Bad Plus demonstrates where jazz can go

Powerful trio The Bad Plus shows cohesiveness, potential at Linda Norris Auditorium.

When The Bad Plus opened its show at the Linda Norris Auditorium Thursday night, drummer David King dominated the tune so much that you wondered: is this his tune, or is he going to dominate all night? Well, it was his tune, and in part it was his show, because he never stopped all night.

But it was also a trio performance. Bassist Reid Anderson and pianist Ethan Iverson were also there for fans to soak up. But King is a tough presence to ignore, particularly with the subtle and often sparse playing of the other two.

Not only does King sit closest to the stage, he plays with deranged expressions that move as fast as his hands and never repeat themselves. The group, by most definitions, is a jazz trio. Its texture, its sensibilities, its variety of time signatures, and its inclination to improvise. And they’re at New York’s Blue Note for five nights next week. But they don’t swing. You can barely tap your foot.

Still, they’re a powerful, cohesive unit that models how far jazz has come and can still go. This was made clear in the first two tunes, particularly “Who’s He,” written by Iverson.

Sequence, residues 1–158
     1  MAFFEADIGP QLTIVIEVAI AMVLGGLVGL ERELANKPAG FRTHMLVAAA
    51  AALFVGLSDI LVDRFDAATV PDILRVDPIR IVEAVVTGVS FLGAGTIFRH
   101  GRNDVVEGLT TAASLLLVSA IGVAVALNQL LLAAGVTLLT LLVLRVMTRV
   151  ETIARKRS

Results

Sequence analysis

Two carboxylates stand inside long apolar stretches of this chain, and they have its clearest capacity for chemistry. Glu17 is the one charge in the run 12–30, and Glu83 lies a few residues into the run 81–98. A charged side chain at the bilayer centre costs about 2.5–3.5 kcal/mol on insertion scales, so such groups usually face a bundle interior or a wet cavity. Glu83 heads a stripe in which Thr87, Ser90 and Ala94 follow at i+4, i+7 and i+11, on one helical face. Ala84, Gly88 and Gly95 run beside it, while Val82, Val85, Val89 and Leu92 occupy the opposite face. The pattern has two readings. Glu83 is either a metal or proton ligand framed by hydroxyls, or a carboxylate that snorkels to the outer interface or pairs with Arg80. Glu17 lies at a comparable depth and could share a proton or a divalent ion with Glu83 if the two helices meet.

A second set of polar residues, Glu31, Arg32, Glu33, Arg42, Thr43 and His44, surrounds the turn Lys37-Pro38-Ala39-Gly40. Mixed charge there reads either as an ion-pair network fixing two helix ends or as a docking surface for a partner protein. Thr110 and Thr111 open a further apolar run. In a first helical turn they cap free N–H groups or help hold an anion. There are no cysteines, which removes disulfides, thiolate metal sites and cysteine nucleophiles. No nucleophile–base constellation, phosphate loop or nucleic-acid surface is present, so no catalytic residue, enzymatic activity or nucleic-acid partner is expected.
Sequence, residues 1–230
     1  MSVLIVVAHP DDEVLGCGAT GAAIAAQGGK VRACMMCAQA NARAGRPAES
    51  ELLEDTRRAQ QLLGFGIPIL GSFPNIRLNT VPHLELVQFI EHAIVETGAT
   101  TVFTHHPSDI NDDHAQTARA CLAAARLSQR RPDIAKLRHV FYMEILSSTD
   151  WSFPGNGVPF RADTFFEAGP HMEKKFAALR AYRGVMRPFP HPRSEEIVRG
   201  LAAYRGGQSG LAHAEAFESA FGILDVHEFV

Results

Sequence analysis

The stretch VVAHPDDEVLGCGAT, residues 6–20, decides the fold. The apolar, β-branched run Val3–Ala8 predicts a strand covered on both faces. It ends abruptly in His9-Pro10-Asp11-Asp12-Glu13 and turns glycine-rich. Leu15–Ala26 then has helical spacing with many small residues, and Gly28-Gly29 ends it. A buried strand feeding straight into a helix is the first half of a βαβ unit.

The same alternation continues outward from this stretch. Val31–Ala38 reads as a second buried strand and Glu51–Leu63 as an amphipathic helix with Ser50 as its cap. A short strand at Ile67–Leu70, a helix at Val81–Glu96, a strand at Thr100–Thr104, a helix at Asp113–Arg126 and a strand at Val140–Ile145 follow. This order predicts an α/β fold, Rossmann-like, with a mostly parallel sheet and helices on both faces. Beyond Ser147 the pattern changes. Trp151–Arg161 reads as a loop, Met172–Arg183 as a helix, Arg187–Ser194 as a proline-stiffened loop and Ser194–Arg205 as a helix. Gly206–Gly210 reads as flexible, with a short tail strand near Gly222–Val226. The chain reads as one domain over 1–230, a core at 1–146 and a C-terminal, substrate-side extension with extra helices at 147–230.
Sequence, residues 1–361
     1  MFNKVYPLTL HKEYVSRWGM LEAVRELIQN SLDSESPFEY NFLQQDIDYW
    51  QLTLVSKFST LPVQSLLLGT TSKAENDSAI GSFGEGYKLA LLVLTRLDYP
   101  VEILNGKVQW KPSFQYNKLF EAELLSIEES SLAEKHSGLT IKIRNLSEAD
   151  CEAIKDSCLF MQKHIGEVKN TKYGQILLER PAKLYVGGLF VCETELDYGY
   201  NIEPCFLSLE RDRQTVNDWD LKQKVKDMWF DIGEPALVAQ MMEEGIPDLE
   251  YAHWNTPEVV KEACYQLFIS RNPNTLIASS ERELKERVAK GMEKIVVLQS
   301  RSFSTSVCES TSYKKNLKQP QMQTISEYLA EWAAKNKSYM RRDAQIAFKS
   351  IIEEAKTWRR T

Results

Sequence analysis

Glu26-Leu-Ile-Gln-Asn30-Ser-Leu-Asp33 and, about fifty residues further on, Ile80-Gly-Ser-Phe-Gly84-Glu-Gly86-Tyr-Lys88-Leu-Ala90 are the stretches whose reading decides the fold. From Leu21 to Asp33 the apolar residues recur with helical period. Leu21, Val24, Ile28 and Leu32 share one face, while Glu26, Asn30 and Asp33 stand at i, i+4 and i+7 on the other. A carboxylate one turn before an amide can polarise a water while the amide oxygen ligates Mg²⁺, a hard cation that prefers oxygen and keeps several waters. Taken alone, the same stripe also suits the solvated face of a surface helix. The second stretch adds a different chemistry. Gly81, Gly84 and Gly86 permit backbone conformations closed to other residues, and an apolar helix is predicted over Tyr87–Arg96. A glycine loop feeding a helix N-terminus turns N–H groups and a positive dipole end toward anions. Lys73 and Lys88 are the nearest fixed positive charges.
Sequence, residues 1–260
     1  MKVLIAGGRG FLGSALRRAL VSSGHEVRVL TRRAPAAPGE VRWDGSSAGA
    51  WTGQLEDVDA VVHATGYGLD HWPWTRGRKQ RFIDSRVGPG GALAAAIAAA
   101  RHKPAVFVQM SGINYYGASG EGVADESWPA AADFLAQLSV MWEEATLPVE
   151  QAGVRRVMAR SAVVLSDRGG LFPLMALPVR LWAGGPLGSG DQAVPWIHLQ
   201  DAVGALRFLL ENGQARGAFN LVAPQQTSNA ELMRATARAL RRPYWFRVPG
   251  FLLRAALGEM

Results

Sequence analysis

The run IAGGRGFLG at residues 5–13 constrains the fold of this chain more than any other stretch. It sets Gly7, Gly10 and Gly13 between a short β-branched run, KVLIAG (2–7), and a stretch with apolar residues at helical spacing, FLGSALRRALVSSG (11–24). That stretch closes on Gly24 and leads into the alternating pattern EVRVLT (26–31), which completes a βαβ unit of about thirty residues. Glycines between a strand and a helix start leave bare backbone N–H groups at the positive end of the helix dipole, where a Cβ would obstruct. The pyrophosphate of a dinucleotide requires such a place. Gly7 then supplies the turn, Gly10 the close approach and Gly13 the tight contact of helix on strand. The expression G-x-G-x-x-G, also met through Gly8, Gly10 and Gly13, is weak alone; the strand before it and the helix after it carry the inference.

They followed with Burt Bachrach’s “This Guy’s in Love with You.” Iverson is a minimalist on the piano, sketching his ideas with very few notes. His lines are technically simple to follow, it’s the sketch itself that is technically complex.

The band is scheduled to play the Conan O’Brien Show tonight. They performed a “special arrangement” of “Thriftstore Jewelry,” the version they plan to play on tonight’s show, Iverson said. The song, written by Kane, is about finding a Rubik’s Cube in a store, “the old kind” that one mastered as a child, only to discover it was a newer, unfamiliar version. But then, as one exits the store, he finds that special thing locked in a glass case, transforming one’s mood to happy. Iverson told this story slowly and straight-faced.

They followed with a roaring version of David Bowie’s “Life On Mars,” which had its unrecognizable but vicious Bad-Plus moments. As always, they either crept back into the tune or explosively broke free to rejoin the Bowie song.

The group is more a unit than a typical jazz trio that comes together for a spell and then disperses.

The Bad Plus has numerous albums and years together, and their impeccable timing and feel for the other is unmistakable. At times the music moves forward in a blur, particularly when Kane gets aggressive and drowns out the others. But they trust and soon find each other, like a Marco-Polo pool game.

At first they looked like three guys who could work in the sub shop across the street. At the end, they looked like young jazz musicians heading toward the top of their game.

As always, The Linda auditorium taped the show for a future airing. Keep your ear out for it. It’s a keeper if you can get it.

Categories: Life and Arts


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